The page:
They aren’t twins, but Joshua and Kyle Rasmussen share a bond that could rival any multiple-birth sibling closeness. Born just 16 months apart, the brothers became inseparable as kids growing up in Orange County, California. The tight bond they developed in their youth has carried them on a journey through graduate school, and today they both walked across the stage at the San Marcos commencement ceremony earning their doctor of physical therapy (DPT) degrees.
“We did everything together. We had the same group of friends, played on the same hockey team in high school. It’s always been that way for us,” Joshua said.
Whether it was on or off the ice, they were always together. They even share a matching tattoo. It wasn’t surprising then that they both decided to pursue undergraduate degrees in exercise sports science at Concordia University in Irvine. And they did it together.
“We were athletes and very interested in physical health and well-being, and being in tune with the body so it just made sense,” Kyle said.
It was during their undergraduate experience that they were both drawn to a career in physical therapy. After college the brothers worked as physical therapy aides and recognized that PT was something they wanted to pursue as a career.
“Applying to PT school was the natural next step. We applied to the same schools but didn’t know if we would end up together or not; after we both interviewed here and we both got accepted, we decided yes let’s do it,” Joshua said.
“It was an easy decision,” Kyle said, adding that the year-round approach at USAHS appealed to them. “We liked that going here would allow us to graduate faster than the other programs.”
As they would discover, the decision to enter the DPT program at USAHS San Marcos was an easy one because they could do it together, but there was nothing easy about life as a graduate student, even with the support of such a close sibling.
“It hits you fast—just how difficult it is. PT school is the hardest thing we’ve ever had to do, and to have someone there like my brother to support me—I honestly don’t know if I could have done it without him,” Joshua said.
The brothers both agree that the dedication and support of the faculty at USAHS also played a large role in their success in the DPT program. “I’d like to thank all of the excellent professors here for everything they do to support students in and beyond the classroom,” Kyle said. “The curriculum is challenging for a reason; people’s lives are in our hands when we walk out the doors as graduates – that is not something to take lightly. The quality of the faculty really does set St. Augustine apart.”
“It was apparent they have a close bond; they were supportive of each other yet independent and self-driven. Both brought positive energy to the classroom and were a pleasure to have in class,” said DPT faculty member Dr. Kayla Smith.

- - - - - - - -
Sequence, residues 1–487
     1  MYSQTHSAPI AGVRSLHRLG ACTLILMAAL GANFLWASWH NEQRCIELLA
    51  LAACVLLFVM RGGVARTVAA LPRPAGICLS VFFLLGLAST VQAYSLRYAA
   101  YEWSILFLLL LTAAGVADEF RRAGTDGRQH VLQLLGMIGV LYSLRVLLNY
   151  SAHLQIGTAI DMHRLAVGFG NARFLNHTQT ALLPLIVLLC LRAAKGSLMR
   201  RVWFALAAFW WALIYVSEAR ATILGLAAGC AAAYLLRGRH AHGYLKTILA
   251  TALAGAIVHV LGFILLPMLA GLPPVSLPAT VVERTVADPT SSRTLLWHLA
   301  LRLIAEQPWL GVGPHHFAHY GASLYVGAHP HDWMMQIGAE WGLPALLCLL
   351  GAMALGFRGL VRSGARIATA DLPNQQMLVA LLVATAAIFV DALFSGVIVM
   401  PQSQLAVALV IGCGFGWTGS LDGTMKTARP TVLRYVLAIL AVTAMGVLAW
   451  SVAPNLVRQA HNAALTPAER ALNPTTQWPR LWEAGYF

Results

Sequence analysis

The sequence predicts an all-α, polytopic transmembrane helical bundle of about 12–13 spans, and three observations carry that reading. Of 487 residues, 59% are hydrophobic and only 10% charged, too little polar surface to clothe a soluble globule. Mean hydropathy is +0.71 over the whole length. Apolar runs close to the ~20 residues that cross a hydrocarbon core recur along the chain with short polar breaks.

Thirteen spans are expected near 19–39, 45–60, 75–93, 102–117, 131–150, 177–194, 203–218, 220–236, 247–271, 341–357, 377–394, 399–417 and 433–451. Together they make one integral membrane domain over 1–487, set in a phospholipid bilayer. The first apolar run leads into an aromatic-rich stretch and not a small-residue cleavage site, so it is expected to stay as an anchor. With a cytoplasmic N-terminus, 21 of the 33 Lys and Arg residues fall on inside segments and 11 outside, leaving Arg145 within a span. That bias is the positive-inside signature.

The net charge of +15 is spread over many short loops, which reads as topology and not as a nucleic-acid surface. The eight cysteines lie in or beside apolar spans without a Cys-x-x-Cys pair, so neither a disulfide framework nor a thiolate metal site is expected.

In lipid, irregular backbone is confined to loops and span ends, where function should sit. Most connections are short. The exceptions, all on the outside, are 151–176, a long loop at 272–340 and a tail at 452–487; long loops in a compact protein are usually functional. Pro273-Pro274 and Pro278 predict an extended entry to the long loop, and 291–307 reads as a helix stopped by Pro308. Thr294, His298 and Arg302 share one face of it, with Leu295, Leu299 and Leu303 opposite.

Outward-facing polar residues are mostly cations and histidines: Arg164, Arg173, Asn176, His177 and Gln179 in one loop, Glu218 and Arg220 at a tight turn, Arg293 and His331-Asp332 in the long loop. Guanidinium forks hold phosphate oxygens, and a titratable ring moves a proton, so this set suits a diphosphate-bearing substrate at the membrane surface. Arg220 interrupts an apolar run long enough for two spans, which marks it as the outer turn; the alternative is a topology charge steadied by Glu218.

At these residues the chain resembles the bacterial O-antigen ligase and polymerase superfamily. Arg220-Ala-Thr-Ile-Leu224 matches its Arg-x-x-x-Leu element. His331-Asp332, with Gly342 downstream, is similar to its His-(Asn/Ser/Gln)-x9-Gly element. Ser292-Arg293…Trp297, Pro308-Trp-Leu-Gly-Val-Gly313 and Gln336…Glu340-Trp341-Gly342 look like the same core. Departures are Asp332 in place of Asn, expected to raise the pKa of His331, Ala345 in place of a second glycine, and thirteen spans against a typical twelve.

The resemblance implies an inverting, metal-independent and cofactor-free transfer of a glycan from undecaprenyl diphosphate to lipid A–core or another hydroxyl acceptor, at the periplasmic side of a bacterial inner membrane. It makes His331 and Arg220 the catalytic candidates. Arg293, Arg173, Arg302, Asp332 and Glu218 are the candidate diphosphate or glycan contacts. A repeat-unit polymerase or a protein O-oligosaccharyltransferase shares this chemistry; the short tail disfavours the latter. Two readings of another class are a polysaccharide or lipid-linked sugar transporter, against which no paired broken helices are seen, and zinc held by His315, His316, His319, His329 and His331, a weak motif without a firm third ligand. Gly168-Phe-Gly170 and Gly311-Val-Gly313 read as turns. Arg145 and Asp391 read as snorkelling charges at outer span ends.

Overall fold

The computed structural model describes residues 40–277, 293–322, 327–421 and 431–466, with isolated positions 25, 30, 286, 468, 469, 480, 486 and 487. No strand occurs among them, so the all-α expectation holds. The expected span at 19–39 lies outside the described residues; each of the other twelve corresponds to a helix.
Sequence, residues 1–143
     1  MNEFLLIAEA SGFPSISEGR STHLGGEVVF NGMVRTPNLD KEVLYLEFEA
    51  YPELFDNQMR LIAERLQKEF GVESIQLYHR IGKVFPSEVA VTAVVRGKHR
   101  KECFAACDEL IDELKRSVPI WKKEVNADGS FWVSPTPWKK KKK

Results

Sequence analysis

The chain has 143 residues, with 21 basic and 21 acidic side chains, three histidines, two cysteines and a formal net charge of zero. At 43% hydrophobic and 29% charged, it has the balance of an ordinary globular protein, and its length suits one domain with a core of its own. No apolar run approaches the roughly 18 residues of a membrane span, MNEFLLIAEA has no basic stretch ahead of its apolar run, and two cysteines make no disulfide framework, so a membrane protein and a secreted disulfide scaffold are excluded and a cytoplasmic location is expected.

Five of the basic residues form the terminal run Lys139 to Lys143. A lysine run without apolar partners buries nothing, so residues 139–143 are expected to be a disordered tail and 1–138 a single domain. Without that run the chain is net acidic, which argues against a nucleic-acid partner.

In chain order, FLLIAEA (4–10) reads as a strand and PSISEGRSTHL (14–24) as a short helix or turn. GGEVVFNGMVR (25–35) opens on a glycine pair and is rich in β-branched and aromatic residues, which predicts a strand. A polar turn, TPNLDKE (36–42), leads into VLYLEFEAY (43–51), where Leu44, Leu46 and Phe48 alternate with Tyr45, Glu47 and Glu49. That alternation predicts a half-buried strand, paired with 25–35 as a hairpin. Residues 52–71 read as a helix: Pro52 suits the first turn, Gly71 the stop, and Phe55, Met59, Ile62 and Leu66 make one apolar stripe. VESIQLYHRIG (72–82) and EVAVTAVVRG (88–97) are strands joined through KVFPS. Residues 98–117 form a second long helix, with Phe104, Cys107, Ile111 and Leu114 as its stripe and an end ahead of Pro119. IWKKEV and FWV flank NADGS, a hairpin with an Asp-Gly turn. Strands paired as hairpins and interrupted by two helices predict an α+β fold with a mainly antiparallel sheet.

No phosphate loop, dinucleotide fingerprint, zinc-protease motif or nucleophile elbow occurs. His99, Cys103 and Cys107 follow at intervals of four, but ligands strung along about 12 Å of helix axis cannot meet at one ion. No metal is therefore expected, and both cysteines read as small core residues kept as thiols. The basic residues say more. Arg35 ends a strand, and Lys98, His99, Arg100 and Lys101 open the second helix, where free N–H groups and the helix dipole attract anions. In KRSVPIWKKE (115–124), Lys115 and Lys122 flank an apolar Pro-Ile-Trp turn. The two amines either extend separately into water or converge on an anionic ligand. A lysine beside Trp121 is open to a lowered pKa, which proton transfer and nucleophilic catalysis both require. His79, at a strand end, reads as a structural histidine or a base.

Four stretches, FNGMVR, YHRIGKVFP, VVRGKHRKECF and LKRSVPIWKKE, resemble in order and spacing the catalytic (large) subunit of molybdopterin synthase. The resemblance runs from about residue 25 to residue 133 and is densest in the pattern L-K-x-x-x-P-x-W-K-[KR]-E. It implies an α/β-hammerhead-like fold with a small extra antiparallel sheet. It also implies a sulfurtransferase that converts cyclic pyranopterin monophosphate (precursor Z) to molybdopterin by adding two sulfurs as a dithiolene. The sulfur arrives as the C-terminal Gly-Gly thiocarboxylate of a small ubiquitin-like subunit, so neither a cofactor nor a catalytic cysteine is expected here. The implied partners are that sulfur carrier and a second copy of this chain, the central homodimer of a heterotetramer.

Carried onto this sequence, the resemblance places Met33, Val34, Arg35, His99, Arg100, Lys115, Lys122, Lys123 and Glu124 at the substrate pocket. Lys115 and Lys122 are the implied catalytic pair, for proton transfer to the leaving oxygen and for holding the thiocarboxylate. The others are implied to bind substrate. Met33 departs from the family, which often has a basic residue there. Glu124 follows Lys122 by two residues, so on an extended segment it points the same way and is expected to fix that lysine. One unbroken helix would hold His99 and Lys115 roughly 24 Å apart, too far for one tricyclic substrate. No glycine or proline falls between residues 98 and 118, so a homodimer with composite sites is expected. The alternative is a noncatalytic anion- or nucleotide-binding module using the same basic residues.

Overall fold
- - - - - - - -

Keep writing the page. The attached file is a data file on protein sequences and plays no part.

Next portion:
Other students took note of the brothers and their attitudes, noted faculty member Dr. Edward Kane. “Both are leaders in their class and well-liked by their peers. They came to class with a thirst for continued knowledge and to perfect their techniques. Most important is that they always have a smile on their faces and a positive attitude,” he said.
“Growing up I’m sure they had competitions with each other and I could see that competitive spirit when they were in one of my classes together,” said DPT faculty member Dr. Norman Belleza. “Not in a first-place or second-place competition, but more of pushing each other toward excellence.”
Kyle agrees they inspired and pushed each other during the program, drawing on each other’s strengths. “It’s like having a built-in study buddy. We live together and are always studying or practicing practical skills together,” he said. “With his internship experiences in outpatient settings, Joshua got more hands-on experience with manual therapy, and that in turn helped me.”
“He’ll hold me accountable if I’m not focused on what I need to be focusing on—and vice versa. Especially when it comes to due dates for assignments. He is really good at keeping track of that. He can hold a lot more info in his big head than I can,” Joshua joked.
With no more academic due dates to worry about, the brothers are relishing their accomplishment together, surrounded by family and friends from across the country who came to celebrate with them today.
“It was definitely all worth it. We’ve made new friends here that we’ll have for the rest of our lives. It’s been great to have each other to rely on as brothers and roommates, but we also had a really good study group—if you don’t have that, then you’re toast,” Kyle said.
While this chapter in their lives is over, the brothers foresee a future where they will continue to work together as a team. Their long-term goal is to open their own physical therapy practice back home in Orange County. For now, they are pursing full-time positions to gain the experience they’ll need. They also have some family inspiration to one day start a business together; their father, Kelly, has owned a successful landscape architecture firm for more than three decades.
“We’ve learned a lot from our father and how he’s run his business, especially from his focus on how to treat people right – especially employees,” Kyle said. “He’s definitely inspired us to think about our own business someday.”